Evaluating Twice-Yearly Denosumab for Transfusion-Dependent, Thalassemia-Induced Osteoporosis

Treatment with twice-yearly denosumab improved spinal bone mineral density (BMD) compared with placebo in patients with transfusion-dependent thalassemia (TDT)–induced osteoporosis, according to results of a phase IIb study published in Blood Advances.

Denosumab, which targets the RANK ligand (a mediator of bone resorption), also reduced pain scores and markers of bone remodeling, the authors, led by Ersi Voskaridou, MD, from the Thalassemia and Sickle Cell Disease Center at Laiko General Hospital, in Athens, Greece, reported.

“As [transfusion] and chelation therapy have significantly prolonged survival in [patients with TDT], osteopenia and osteoporosis significantly add to the morbidity burden in young adults” through both genetic and acquired factors, the investigators explained. “Although bisphosphonates are currently the mainstay of treatment in thalassemia patients with osteoporosis, denosumab may provide a more favorable efficacy and tolerability profile.”

This randomized, placebocontrolled, double-blind trial enrolled 63 patients with TDTinduced osteoporosis, defined as a BMD T-score between –2.5 and –4.0 in either the lumbar spine, femoral neck, or wrist bone.

Patients with BMD T-scores <–4.0 in one of the two studied sites (lumbar spine, femoral neck) or those with previous administration of denosumab or bisphosphonates, fluoride, and strontium ranelate within one year of study enrollment were excluded. Patients were randomized to receive either subcutaneous denosumab 60 mg (n=32) or placebo (n=31), administered once every six months for 12 months. Participants also received daily supplementation with calcium 1,000 mg and vitamin D 400 IU or 800 IU. Randomization, treatment, and assessment occurred at a single center in Athens.

During the screening period and at the end of the study, the investigators measured BMD at the L1-L4 vertebrae, femoral neck, and wrist bone. Bone pain was assessed via the Huskisson’s visual analogue scale (0 cm = no pain; 10 cm = worst pain possible) at both time points.

The researchers also measured the following four bone remodeling markers of osteoporosis at baseline and then at three-month increments during study treatment:

  • bone resorption markers (e.g., C-terminal crosslinking telopeptide of type-I collagen and tartrate-resistant acid phosphatase isoform-5b)
  • bone formation markers (e.g., bone-specific alkaline phosphatase and osteocalcin)
  • osteoclast regulators (e.g., sRANKL and osteoprotegerin [OPG])
  • osteoblast inhibitors (e.g., dickkopf-1 and sclerostin)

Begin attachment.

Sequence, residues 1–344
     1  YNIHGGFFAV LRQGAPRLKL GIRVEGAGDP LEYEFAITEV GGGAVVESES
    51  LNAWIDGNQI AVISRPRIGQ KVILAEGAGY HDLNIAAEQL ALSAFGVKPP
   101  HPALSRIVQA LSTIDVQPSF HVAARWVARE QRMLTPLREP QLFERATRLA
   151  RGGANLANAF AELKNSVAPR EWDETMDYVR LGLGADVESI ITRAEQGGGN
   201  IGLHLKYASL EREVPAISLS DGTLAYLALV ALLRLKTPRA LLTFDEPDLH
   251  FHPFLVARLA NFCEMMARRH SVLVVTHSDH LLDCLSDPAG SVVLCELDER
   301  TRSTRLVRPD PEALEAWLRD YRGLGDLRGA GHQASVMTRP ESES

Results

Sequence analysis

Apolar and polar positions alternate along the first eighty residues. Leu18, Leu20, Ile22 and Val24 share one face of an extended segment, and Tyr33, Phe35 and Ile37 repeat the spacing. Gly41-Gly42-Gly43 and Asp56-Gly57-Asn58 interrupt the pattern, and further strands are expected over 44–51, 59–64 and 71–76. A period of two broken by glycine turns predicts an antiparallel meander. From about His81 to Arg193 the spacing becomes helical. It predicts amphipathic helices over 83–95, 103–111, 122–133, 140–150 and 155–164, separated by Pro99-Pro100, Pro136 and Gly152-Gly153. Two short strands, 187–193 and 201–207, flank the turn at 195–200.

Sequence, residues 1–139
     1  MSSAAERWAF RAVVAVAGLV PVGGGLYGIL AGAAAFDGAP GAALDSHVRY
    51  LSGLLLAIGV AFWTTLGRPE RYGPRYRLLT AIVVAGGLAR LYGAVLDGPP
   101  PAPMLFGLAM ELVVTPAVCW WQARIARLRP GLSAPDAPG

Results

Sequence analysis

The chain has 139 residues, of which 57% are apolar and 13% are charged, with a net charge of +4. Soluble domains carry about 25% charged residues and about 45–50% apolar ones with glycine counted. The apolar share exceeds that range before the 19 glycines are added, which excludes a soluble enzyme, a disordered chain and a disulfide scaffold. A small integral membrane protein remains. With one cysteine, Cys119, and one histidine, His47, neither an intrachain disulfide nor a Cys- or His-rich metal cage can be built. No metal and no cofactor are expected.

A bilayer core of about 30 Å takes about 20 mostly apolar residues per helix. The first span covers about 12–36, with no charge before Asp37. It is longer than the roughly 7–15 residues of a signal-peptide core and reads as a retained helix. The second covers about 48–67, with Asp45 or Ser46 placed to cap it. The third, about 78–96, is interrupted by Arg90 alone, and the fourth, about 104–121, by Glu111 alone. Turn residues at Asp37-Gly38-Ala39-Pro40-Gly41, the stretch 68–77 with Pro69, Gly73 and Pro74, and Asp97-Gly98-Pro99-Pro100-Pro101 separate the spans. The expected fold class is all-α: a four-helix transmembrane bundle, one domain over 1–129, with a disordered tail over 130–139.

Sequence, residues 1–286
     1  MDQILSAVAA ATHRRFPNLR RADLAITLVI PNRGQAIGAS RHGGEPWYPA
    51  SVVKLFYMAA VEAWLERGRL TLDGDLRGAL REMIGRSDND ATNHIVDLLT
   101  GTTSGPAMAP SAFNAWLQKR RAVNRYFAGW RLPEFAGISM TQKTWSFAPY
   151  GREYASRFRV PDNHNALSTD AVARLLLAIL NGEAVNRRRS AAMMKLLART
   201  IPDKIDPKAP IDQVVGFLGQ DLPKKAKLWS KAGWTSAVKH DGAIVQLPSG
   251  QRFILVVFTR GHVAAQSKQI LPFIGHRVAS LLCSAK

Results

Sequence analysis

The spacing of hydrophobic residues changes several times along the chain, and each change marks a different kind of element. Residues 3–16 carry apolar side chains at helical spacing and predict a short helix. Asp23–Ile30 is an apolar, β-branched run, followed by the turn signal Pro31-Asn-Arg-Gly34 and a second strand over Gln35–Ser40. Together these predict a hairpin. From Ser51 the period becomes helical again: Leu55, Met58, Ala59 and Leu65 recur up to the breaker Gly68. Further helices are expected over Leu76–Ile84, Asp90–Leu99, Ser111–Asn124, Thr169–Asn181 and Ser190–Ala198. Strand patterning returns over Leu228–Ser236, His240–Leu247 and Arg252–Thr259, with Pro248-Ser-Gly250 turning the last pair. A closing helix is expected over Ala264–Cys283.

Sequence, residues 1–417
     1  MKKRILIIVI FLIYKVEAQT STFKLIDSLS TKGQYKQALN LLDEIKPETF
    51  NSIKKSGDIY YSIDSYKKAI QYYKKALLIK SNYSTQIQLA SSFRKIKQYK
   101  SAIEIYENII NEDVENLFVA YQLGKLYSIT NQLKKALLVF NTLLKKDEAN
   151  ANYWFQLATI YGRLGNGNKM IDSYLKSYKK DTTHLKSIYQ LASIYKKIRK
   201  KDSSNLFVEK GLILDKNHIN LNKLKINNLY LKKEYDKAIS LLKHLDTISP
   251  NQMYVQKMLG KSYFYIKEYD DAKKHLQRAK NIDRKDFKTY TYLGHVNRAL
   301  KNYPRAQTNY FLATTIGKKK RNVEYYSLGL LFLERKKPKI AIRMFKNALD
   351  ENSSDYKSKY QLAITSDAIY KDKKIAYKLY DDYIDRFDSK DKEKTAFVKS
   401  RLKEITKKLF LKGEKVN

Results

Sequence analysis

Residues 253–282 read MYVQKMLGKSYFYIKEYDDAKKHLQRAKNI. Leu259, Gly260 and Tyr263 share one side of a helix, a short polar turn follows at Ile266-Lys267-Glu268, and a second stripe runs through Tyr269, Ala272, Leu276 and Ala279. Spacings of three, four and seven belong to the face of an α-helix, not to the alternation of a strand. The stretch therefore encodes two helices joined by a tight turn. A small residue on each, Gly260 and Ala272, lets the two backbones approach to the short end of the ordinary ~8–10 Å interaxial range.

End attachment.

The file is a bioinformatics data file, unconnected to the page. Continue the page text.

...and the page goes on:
One year prior to study initiation, patients in each group required similar numbers of transfusions (15 in denosumab-treated patients vs. 11 in placebo-treated patients; p=0.714). The range of T-score values at each site also were similar between the denosumab and placebo groups:

  • femoral neck: –3.20 and –0.50 vs. –3.30 and –0.40 (p=0.245)
  • lumbar spine: –4.00 and –0.90 vs. –4.00 and –0.90 (p=0.587)
  • wrist bone: –11.7 and –1.10 vs. –8.70 and –0.10 (p=0.367)

After 12 months of treatment, the increase in lumbar spine BMD from baseline (primary endpoint) was significantly higher in patients who received denosumab compared with those who received placebo (5.92% vs. 2.92%; p=0.043) as well as in wrist BMD (–0.26% vs. –3.92%; p=0.035),” the authors added.

Denosumab treatment also reduced the levels of bone resorption markers, beginning at three months after the injection of treatment or placebo; for example, C-terminal crosslinking telopeptide of type-I collagen decreased by 31.6 percent in the denosumab group but increased by 16.5 percent in the placebo group (p<0.001).

While all participants had mild to moderate pain at baseline, by 12 months, only those in the denosumab group experienced a significant reduction in pain:

  • denosumab: 3.4 cm at baseline vs. 2.8 cm at 12 months (p<0.001)
  • placebo: 3.0 cm vs. 2.8 cm (p=0.356)

Seventeen adverse events (AEs) occurred in 14 patients during the 12-month study period, with most of these events classified as grade 1. “Most mild AEs (n=11/14) concerned abnormalities on blood or biochemical test and only three of them a clinical symptom – specifically headache, diarrhea, and fever,” the researchers reported. AEs were more common in the denosumab group, compared with the placebo-treated group (p=0.018), and the three serious AEs reported during the study duration all occurred in the denosumab group.

The patient population of the study was highly heterogenous, which the investigators cited as a potential limitation. In addition, the small number of participants and the single-center design also could limit the ability to extrapolate findings across the entire TDT and osteoporosis population.

“Denosumab seemed also to reduce biomarkers promoting bone resorption; however, there was evidence for a higher number of AEs in the denosumab group compared with placebo,” the researchers concluded. “Subsequently, more research is needed to clarify the effect of denosumab on other surrogate endpoints to control for confounding factors, and to evaluate safety with a longer follow-up period.”

The authors report no conflicts of interest. The study was supported by Amgen.

Reference

Voskaridou E, Ntanasis-Stathopoulos I, Papaefstathiou A, et al. Denosumab in transfusion dependent thalassemia osteoporosis: a randomized, placebo-controlled, double blind, phase 2b clinical trial. Blood Advances.

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